Depending on witnesses, these are grabbed from the floor and stuffed in the bin or, if a little sad face is watching, slapped onto the ‘pending’ pile of ‘paperwork’ and immediately lost in a black hole of school photo order sheets, Ben 10 watch designs, bills, 3p off your next shop from Sainsbury’s vouchers and expired 2 for 1 deals to Legoland. Every now and again a passing remote control vehicle attacks the foundations of the pile and it cascades back to the floor whereupon my eye starts to twitch.

Even the bathroom is not immune. Where once there might have been a few pleasant smelling and looking bottles there is now a tub or tube for every ailment and eventuality. Industrial sized Sudocream containers, enormous ‘family sized’ shampoo and bubble bath bottles, three different toothpastes, head lice treatment (just a precaution, obviously) a box of ‘funny face’ plasters which don’t stick and a bumper pack of skin coloured ones that do. Not to mention a packet of baby wipes on every surface, a random pair of pants in a dusty potty and the inevitable single sock.

And don’t get me on to toys. Really. Or Harry’s bottle top collection.

But back to the ready bed. I have a sudden flash of inspiration – literally, a vision. A black garbage bag. The garage. There it is, next to the hedgetrimmer. Thank God, because the only other option was the loft and the thought of that was having an odd effect on my ears.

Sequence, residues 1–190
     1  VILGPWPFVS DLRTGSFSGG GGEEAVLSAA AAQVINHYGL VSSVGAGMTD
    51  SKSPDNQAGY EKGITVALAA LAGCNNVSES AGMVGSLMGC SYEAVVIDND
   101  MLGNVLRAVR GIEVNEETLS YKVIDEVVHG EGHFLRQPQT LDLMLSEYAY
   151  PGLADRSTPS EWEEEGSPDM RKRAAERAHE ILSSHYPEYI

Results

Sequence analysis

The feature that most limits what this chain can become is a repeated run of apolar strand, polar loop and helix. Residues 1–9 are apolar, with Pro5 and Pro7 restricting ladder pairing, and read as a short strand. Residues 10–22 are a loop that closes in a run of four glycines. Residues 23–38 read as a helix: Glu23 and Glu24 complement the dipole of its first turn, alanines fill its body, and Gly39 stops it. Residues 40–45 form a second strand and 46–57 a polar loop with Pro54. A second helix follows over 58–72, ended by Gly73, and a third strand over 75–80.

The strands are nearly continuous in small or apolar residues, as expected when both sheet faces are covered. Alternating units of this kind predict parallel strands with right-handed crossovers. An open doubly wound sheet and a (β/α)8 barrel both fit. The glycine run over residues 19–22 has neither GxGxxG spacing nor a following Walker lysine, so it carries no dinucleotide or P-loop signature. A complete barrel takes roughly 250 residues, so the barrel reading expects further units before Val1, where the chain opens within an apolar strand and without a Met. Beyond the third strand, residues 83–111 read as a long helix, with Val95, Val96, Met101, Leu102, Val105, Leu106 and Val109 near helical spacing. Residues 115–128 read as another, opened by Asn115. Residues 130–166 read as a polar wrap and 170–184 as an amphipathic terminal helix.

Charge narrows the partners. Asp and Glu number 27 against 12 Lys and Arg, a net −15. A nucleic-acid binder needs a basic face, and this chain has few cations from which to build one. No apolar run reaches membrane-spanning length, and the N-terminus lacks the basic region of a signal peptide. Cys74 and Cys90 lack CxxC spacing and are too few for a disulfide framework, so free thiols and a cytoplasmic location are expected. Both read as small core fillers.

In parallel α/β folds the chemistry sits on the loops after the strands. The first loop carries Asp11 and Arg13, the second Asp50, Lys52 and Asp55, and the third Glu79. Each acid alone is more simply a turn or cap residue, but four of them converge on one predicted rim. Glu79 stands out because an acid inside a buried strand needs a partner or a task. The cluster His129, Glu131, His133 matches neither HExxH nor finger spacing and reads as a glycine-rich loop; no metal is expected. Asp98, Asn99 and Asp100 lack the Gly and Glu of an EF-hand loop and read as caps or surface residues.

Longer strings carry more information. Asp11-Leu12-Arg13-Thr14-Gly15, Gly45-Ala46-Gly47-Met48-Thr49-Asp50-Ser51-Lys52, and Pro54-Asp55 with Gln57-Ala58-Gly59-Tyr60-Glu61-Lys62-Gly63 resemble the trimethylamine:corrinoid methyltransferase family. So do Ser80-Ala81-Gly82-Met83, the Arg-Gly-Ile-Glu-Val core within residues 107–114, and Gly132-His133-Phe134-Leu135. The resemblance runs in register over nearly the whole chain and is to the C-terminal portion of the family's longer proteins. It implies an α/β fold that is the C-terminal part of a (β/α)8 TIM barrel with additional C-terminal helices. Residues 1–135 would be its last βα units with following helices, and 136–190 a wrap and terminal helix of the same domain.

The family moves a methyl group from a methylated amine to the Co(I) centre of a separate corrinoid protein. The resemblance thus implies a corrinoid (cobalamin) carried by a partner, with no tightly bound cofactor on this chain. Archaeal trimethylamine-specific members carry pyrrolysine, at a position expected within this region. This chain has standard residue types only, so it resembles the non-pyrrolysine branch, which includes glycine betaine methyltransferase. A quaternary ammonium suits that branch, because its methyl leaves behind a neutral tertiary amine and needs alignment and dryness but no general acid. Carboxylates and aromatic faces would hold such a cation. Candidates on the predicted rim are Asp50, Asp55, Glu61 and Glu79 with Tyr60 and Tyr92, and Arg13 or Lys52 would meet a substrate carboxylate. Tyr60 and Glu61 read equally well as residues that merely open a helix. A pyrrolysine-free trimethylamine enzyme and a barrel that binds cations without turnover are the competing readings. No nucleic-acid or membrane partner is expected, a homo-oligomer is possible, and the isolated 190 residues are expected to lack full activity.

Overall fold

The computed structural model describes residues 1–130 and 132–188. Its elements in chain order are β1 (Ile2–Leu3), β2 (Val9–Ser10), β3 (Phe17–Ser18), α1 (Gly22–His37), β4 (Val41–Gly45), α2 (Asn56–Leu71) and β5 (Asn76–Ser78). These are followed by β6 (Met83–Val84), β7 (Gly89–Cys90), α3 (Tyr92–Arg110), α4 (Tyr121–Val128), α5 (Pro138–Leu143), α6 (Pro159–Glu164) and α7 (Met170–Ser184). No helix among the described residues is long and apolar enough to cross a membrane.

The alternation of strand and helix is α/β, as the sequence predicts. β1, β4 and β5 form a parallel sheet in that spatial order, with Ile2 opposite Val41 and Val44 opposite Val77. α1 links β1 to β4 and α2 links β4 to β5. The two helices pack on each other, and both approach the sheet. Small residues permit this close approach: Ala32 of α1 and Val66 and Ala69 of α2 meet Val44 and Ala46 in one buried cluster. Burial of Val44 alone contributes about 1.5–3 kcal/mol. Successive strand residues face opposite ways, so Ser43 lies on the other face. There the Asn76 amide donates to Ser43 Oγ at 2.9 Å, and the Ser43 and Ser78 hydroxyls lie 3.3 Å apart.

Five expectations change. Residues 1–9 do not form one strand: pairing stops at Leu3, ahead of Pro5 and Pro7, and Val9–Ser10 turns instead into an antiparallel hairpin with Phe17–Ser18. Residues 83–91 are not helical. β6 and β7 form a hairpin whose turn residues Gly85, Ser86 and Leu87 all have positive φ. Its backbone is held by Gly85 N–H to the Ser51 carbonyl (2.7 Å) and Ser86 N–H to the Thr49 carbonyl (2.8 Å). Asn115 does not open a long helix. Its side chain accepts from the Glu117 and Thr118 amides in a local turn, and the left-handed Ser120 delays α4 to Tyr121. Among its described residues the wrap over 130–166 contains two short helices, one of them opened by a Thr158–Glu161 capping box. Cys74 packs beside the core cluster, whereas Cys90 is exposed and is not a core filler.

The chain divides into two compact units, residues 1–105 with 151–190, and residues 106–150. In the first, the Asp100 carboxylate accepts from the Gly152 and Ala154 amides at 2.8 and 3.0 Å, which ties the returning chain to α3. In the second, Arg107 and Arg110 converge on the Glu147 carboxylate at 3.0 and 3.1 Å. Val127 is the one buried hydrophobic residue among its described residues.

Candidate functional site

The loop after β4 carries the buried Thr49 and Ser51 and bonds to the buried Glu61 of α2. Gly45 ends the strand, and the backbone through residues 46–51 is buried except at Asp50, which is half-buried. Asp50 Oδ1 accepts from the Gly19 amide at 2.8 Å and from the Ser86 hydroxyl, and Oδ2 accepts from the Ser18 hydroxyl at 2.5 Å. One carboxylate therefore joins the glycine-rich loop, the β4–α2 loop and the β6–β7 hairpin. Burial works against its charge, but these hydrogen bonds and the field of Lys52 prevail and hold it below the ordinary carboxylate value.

I head for the sofa, swipe three remote controls, a newspaper, a lego tower and a note from Harry asking me if I want to be a witch or a wizard onto the floor and slump onto the cushions, instantly setting off a distant siren.

Somewhere in the toy drawers, there is an emergency.

My dinnertime dictatorship

It is suppertime at Bomford HQ. The boys have shuffled, protesting, from the television to the dining room. I have broken the news. It is tuna curry.

“Yes! The best meal ever!” says Harry, six, in a surprise development.

Alec’s face crumples. “Pooiest meal in the whole wide world,” he says, climbing despondently onto his chair and assessing his plate.

Economical with his language, he glances over at his twin brother, Kit, four.

“Ugh, Kit?” he inquires.

For once, it is not a double ‘ugh’ as Kit is already tucking into his meal. Two out of three – not a bad strike rate.  We only have one meal that they will all happily eat and I save that for swimming night, for obvious reasons.

Alec, four, immediately leaps off his chair clutching his trousers. “Need a poo!” he splutters before sprinting from the room.

Kit’s fork clatters to the floor. It has gathered a shriveled raisin and a hair clump by the time I retrieve it from the far side of the room. Reluctantly I leave to fetch him a clean one. One potato, two potato…. three -